top of page

Supper with Sisters

First published by Catholic Volunteer Network, April 11, 2018


In the months of serving with the St. Joseph Worker Program, I have been graced with the presence of the religious Sisters of St. Joseph of Orange (CSJ). The sisters have exemplified the beauty of religious life in the way they each uniquely live out their congregation’s mission. As advocates of social justice, the sisters are proactively present in the local communities where they reside, to be with and for our dear neighbors. However, their charism is not kept to themselves; they desire, and have succeeded, in extending their mission to other laity who partake in it.

I am always in awe when I learn about the history of the CSJ Sisters and the impact they have had in their local communities. For example, here in Orange County, St. Joseph Hospital is a renowned health-care facility. Founded by the CSJ Sisters in 1920, the original St. Joseph Hospital in Eureka, CA has extended throughout the nation. In order to sustain and continue the legacy of the CSJ Sisters, those who work in such facilities are also called to take on the mission of the sisters and make it their own.

Through the St. Joseph Worker Program, I have encountered many CSJ sisters who have taught me the meaning of humility and compassion. I have found that humility and compassion are indispensable in the ministry of healing and reconciliation, which is the charism of the sisters. Humility has allowed me to be free from controlling situations and the results of my work, thus entrusting all to God and His Providence. In humbling myself, I am more disposed to embrace Christ’s Presence in others, and desire their good, rather than focusing on myself. Compassion towards others is rooted in self-compassion. In knowing myself and my own needs, I have found a balance to meet those needs while also ministering to the needs of those around me. Seeing not merely with my eyes, but with my heart, I have learned the art of loving the human person and the sacredness they embody.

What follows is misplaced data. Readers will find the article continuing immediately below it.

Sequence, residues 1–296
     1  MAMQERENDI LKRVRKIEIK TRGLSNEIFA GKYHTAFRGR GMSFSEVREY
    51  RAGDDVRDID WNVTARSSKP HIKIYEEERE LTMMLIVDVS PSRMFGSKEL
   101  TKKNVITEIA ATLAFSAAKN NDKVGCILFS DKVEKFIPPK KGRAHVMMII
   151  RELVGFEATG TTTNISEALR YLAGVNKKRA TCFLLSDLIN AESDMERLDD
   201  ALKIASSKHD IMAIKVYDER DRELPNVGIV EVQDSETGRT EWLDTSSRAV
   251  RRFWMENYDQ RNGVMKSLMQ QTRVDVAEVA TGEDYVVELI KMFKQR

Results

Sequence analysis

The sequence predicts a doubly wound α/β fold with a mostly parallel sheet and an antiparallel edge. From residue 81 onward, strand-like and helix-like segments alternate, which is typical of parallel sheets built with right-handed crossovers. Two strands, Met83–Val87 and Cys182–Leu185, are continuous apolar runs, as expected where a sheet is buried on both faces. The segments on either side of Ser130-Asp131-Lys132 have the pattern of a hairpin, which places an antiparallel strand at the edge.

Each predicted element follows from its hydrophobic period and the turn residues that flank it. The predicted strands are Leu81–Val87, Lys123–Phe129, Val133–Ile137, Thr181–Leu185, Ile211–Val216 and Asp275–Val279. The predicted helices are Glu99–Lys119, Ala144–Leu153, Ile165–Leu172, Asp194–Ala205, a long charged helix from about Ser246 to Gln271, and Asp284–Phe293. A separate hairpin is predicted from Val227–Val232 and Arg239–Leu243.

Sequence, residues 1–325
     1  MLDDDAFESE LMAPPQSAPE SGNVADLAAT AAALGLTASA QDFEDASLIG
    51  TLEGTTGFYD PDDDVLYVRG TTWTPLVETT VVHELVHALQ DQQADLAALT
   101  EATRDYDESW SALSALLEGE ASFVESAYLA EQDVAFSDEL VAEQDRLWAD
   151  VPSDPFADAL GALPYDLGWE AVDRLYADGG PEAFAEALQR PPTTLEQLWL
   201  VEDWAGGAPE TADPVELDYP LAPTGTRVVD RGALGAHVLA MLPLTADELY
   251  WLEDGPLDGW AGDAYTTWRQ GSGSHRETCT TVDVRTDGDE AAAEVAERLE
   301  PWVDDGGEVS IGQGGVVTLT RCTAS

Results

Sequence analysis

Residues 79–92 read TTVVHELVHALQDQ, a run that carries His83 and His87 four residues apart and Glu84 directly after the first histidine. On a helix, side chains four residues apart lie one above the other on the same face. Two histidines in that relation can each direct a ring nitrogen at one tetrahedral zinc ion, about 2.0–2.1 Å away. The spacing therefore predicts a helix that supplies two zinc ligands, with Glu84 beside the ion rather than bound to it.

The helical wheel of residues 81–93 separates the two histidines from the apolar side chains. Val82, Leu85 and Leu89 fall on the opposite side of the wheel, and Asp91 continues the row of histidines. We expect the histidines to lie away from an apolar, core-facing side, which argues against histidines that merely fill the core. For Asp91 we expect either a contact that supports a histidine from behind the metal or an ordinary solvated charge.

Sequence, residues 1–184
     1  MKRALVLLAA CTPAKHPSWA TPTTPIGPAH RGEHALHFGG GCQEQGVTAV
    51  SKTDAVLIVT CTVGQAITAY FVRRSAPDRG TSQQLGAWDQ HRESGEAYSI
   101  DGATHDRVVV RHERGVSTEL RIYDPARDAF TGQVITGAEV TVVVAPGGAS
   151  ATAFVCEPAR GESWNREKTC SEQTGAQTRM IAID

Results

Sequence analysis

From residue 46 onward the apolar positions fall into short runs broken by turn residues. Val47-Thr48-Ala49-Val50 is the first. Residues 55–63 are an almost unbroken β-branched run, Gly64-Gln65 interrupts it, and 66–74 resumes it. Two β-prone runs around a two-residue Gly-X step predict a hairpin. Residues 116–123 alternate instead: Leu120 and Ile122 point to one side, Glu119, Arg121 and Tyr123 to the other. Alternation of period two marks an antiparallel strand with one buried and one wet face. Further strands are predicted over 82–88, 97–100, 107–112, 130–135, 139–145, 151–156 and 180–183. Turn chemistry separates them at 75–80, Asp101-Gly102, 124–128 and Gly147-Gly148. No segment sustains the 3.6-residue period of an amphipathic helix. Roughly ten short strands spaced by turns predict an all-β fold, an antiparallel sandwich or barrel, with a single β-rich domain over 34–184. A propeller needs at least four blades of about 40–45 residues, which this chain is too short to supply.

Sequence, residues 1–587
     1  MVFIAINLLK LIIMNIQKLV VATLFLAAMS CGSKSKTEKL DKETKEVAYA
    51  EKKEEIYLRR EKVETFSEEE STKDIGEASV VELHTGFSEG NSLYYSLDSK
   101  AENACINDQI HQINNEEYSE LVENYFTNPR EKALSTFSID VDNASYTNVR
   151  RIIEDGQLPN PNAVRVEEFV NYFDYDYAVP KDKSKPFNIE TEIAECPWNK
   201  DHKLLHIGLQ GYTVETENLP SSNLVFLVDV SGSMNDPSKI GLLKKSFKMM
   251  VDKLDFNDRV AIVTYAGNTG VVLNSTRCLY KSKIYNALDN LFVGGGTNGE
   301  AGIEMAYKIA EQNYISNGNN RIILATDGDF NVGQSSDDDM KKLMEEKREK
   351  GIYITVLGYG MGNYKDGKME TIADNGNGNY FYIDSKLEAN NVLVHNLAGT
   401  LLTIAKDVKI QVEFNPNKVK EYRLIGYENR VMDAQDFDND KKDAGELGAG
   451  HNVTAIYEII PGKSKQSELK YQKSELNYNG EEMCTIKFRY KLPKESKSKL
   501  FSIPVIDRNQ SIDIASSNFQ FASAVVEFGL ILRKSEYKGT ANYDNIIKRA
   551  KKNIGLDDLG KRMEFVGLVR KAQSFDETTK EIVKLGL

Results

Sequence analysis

As each sister has their unique ministry, each also models the different ways of saying “yes” to the Lord and His invitations. In this podcast, Sr. Katherine ‘Kit’ Gray shares with us her own “yes” to God and how she lives out her vocation as a Bride of Christ.

Comments


bottom of page